Shipping Regulations Regarding Certain Kinds of Adhesives

Because adhesives can be hazardous, toxic, or flammable, you should never ship any industrial grade adhesives without first taking the necessary steps to make sure you’re doing so safely, and legally.

Because of the regulations, and especially with recent tightening of certain regulations, we advise that, if possible, you try to buy epoxy, adhesive, or any other hazardous product from a distributor in your area before ordering an adhesive over the internet or through the mail. What’s legal in the manufacturer’s area might not be legal in yours, and even if it is, the red tape sometimes just isn’t worth it. So the following should serve as more of a Plan B.

Besides, the better manufacturers of sealants and adhesives, like Permabond, usually have a distributor’s directory on their websites, so it shouldn’t be hard to find cyanoacrylate glue, metal adhesives, or anything else you need without risking it.

Following the model put forth by the United Nations, the Department of Transport (DOT) divides hazardous materials into nine different classes, and mailing hazardous materials requires that you obtain a placard and make sure the contents of the package are clearly labelled on the package itself.

These classes are:

1. Explosives

2. Gases

3. Flammable Liquids

4. Flammable Solids

5. Oxidizing Agents and Organic Peroxides

6. Toxic and Infectious Substances

7. Radioactive Substances

8. Corrosive Substances

9. Miscellaneous

Adhesives are, luckily, much easier to ship than many other hazardous materials or dangerous goods, but are still considered dangerous because of their toxicity and their flammability, placing them into classes 3 and 6.

If you’re shipping flammable, toxic adhesives out (check the label, it should give you all the info you need), you’ll need a class 3 flammable placard and a class 6 poisonous placard to place on the packaging. Where to go and who to see about being authorized and equipped with these placards is quite literally different in nearly every city, so we can only recommend that you speak to someone at the post office for further information.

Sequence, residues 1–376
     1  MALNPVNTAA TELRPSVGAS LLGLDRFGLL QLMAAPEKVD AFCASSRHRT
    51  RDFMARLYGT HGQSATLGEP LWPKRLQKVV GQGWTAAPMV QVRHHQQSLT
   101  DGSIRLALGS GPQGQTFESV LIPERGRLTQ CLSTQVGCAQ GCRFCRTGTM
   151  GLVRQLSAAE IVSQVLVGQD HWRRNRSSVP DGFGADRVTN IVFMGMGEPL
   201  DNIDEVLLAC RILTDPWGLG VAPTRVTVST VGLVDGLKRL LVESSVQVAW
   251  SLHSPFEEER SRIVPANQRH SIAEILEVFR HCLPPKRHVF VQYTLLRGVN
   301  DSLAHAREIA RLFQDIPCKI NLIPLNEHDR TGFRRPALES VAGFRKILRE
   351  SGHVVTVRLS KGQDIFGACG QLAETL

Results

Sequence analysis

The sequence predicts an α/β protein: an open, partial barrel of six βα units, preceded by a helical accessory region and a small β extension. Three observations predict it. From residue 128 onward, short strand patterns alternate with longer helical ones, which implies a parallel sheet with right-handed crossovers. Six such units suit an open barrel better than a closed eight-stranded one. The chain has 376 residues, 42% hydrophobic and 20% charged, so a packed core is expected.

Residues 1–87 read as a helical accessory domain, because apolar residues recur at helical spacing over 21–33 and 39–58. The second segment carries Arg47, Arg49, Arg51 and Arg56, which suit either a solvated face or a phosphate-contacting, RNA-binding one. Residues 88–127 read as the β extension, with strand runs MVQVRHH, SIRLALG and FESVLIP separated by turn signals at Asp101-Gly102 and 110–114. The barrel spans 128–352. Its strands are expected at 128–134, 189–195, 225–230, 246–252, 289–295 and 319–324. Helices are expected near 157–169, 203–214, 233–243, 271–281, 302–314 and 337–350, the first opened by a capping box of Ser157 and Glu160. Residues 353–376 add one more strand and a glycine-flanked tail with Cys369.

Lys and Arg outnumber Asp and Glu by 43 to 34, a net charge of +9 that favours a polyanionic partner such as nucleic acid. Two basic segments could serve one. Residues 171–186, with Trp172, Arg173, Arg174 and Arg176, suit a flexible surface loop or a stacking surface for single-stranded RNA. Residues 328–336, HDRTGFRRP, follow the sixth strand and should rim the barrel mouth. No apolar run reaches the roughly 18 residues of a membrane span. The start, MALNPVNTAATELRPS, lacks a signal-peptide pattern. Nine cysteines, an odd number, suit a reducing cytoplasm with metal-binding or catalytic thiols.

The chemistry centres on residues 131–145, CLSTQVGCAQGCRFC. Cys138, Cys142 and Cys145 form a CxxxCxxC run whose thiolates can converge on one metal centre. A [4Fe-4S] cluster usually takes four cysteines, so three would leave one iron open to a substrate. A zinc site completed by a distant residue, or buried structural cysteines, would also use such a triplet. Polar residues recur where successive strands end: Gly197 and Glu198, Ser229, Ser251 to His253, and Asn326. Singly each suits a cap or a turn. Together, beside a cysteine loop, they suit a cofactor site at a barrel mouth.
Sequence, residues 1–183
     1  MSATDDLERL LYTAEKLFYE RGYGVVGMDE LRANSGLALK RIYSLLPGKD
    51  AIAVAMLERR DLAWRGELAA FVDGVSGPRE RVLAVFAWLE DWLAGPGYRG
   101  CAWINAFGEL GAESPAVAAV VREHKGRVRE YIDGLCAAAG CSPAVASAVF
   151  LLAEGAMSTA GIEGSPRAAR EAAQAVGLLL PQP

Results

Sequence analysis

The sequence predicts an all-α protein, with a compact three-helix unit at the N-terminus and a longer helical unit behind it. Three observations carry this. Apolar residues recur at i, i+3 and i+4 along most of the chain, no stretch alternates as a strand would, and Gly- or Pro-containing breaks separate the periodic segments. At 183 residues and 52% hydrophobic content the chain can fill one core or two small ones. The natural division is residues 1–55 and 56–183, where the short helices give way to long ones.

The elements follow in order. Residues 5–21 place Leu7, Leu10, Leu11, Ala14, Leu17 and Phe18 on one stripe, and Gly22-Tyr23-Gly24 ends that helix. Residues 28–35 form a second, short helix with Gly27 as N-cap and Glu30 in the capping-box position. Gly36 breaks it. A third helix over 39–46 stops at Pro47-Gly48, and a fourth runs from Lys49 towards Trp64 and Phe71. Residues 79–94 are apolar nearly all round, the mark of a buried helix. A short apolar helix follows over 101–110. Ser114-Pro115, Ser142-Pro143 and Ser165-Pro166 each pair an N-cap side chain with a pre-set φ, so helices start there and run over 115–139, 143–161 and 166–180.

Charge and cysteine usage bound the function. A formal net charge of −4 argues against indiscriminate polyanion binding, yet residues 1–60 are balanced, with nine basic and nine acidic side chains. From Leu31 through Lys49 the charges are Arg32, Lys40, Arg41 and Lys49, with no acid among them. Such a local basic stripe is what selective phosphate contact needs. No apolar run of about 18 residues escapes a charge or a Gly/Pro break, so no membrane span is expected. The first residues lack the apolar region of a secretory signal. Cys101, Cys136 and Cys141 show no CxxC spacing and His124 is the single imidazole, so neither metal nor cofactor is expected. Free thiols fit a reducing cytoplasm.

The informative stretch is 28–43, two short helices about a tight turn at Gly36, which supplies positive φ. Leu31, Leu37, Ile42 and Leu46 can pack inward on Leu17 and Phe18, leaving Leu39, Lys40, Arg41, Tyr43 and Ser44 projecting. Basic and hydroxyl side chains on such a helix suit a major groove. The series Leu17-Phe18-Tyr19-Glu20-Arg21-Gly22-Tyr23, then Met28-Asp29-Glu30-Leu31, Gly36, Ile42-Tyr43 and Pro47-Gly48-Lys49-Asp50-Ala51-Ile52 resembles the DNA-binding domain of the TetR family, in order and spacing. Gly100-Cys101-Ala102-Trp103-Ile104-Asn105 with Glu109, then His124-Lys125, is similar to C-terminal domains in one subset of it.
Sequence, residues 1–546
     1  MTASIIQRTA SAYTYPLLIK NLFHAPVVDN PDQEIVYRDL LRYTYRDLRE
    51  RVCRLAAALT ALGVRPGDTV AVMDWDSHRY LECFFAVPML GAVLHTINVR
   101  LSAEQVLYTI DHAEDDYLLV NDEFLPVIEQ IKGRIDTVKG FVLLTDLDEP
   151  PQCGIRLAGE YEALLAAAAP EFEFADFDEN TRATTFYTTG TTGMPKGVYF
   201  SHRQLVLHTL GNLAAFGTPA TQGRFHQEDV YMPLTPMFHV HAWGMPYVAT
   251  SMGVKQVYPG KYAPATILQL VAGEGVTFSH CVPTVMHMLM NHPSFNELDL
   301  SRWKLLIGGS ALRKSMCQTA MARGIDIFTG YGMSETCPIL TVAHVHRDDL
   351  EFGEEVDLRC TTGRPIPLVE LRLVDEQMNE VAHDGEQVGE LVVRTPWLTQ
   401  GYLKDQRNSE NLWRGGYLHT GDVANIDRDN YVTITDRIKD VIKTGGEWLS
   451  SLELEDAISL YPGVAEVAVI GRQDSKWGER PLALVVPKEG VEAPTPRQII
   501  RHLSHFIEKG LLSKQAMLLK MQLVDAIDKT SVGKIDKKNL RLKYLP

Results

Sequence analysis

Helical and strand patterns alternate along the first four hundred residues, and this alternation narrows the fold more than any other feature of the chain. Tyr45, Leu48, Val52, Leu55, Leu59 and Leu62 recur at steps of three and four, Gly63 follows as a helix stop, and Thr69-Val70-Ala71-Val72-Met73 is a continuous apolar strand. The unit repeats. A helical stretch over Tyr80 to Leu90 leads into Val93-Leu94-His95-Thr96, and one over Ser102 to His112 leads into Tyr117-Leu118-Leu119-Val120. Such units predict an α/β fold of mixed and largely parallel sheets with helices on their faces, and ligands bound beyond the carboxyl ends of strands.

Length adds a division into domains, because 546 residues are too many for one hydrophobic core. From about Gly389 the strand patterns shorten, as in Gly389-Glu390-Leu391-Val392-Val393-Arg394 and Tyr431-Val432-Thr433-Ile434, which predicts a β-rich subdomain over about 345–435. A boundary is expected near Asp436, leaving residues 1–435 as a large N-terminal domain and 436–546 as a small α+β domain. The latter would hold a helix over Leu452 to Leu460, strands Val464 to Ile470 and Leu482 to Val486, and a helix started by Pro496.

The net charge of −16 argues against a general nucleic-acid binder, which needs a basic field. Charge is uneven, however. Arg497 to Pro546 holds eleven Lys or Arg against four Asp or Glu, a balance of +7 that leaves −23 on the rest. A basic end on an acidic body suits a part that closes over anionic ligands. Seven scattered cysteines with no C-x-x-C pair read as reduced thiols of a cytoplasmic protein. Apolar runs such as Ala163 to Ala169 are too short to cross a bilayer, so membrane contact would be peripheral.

Keep the Law in Mind!

Whatever you do, do not just stick the stuff in an unmarked box and hope they don’t find out! In many places, it’s considered a felony to ship unmarked hazardous materials.

When having adhesives shipped to you, make sure the person sending it knows what they’re doing, as well. If they don’t know already, tell them. Receiving unmarked chemicals in the mail looks just as bad to the postal service, and the federal government, as sending the stuff.

Be Smart, and Exercise Caution

It may seem like a lot of worry over nothing. It is just glue, after all. To be fair, ninety nine percent of the time, you probably could get away with sneaking hazardous chemicals through the mail, but because of that one percent chance of possibly doing some serious jail time, it really isn’t worth the risk.

How to Pack it

Different countries have different regulations on how a hazardous product should be packaged, and it would take forever to list every single one of them. The easiest way to make sure you’re covered is to first, never send an unsealed container. If you’ve already popped the cap on the adhesive, it’s yours, you can’t ship it. Second, you should put it inside of a box, preferably filled with packing peanuts, bubble wrap, or some other shock absorber, and then put that box inside of a bigger box, also filled with shock absorber. The person receiving it may be initially confused, but many countries require this measure be practiced before shipping is allowed.